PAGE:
Rapid aging will leave Vietnam with one third of population over 60 years old in 2030, seriously overloading its fragile social welfare and pension system, according to a conference on Wednesday.
“Vietnam’s population has been aging too fast. The proportion of the elderly in less than 20 years will become equal to Japan's while per capita income in Vietnam is much lower,” said Nguyen Ngoc Quynh of the United Nations Population Fund (UNFPA).
Income insecurity will threaten independence, dignity and self-esteem of older people, he said.
With its population entering aged phase, Vietnam will also face harmful trans-generational consequences.
A migrant worker in Hanoi, who wanted to remain unnamed, said he has been supporting his parents over the past years.
“However, things have become more difficult, especially when my children began to go to school. I am afraid that I could not support them and my younger siblings further,” he said.
Government statistics show Vietnam has more than 9.5 million people of 60 years old and over in 2014. Nearly half of them do not have any pension or financial support.
The government currently grants support to older people of 80 years old and over. However, the support of merely VND80,000-180,000 (US$3.7-8.3) a month barely meets their basic needs.
With a rapidly aging population, Vietnam will face many challenges in improving its pension and social welfare for the elderly, experts said.
A World Bank’s report released last month found that East Asia and the Pacific is aging faster than any region in history, driven primarily by a rapid decline in fertility and increased longevity.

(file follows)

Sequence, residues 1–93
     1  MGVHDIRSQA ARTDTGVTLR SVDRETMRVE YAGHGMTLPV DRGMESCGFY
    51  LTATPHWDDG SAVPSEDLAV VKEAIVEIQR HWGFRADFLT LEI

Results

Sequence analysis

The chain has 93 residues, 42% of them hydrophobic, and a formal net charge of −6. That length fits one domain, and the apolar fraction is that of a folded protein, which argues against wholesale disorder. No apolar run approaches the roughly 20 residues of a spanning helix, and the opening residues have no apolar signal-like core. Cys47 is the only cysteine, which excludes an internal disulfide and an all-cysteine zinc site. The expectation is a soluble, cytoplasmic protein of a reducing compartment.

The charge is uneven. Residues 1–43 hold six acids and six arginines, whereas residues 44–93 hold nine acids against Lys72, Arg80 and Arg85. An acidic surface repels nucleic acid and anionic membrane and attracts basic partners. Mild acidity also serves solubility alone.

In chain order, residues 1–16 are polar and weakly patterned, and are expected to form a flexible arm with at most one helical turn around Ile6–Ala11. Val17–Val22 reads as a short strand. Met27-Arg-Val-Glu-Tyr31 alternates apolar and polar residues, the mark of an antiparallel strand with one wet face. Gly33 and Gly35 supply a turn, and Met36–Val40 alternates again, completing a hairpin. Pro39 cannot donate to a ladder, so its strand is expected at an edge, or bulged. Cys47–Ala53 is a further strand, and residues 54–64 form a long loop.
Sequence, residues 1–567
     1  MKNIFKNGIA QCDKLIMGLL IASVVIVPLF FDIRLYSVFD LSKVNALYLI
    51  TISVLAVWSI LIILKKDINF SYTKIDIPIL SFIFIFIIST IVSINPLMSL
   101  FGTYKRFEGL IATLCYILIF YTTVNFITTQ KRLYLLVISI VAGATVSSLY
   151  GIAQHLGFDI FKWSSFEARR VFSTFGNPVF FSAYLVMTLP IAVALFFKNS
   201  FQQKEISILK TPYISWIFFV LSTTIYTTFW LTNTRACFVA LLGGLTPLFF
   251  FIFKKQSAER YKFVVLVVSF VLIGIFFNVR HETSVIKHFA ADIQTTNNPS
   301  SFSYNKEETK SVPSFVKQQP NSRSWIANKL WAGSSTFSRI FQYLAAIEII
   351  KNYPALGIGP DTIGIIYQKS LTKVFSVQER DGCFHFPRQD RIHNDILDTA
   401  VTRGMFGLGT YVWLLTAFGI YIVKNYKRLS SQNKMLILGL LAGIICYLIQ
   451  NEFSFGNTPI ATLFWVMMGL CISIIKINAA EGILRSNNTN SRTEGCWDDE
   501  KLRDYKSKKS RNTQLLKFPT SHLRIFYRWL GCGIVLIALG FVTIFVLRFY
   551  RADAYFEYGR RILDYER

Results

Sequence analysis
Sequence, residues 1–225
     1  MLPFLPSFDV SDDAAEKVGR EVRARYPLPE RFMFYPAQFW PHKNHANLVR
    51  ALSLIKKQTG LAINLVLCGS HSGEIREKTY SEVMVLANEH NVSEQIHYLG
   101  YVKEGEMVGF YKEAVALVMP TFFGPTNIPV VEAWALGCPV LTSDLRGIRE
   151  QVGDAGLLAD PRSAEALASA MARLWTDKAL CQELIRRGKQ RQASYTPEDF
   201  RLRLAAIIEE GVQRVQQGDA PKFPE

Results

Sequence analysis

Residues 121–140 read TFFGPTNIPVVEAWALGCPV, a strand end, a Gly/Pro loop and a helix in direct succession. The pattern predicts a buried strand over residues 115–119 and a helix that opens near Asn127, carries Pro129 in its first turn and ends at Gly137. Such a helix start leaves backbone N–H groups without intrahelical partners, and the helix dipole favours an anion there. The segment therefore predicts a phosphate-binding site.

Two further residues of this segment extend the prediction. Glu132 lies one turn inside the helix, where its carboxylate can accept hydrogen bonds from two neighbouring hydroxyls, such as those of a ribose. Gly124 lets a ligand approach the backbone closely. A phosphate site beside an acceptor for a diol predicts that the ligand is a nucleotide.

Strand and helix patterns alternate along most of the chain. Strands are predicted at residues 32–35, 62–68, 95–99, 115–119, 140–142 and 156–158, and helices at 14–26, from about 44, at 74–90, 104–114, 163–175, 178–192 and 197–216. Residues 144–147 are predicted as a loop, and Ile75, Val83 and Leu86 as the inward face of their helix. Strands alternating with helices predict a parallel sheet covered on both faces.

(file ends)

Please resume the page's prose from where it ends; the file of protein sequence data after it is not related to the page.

Transitioning from an aging to an aged society, where people of 65 and above account for 14 percent or more of the total population, took the UK 45 years, the US 69 years and France 115 years.
For Vietnam, this transition would come in a mere 15 years, and complete well before the 2040s, the report forecast.
According to a 2013 survey by UNFPA, more than 30 percent of the elderly in Vietnam are still working and most are self-employed with low and unstable income.
Older people in Vietnam are still working for an average of 35 hours a week for men and 32 hours a week for women, according to the survey.
Quynh said that ensuring stable income for the elderly is become more important for Vietnam.
A policy to improve income of the elderly in Mexico has seen a 7 percent reduction in the number of older women suffering from mild depression, he said.
While nearly half of older people in Vietnam do not have pension, the social insurance fund is already facing threats of being overloaded, prompting proposals to increase retirement age.
In Vietnam, retirement age for men is 60 and women is 55. Vietnam Social Insurance has proposed to increase that to 62 for men and 60 for women.
Quynh said that aging does not only affect a small population group.
“It’s also a shock that hit any individual, family and the society and an important issue to consider for any one in any age group,” he said.
The government should find answers to the questions like how people’s income sources change as they age or how traditional systems of family support change.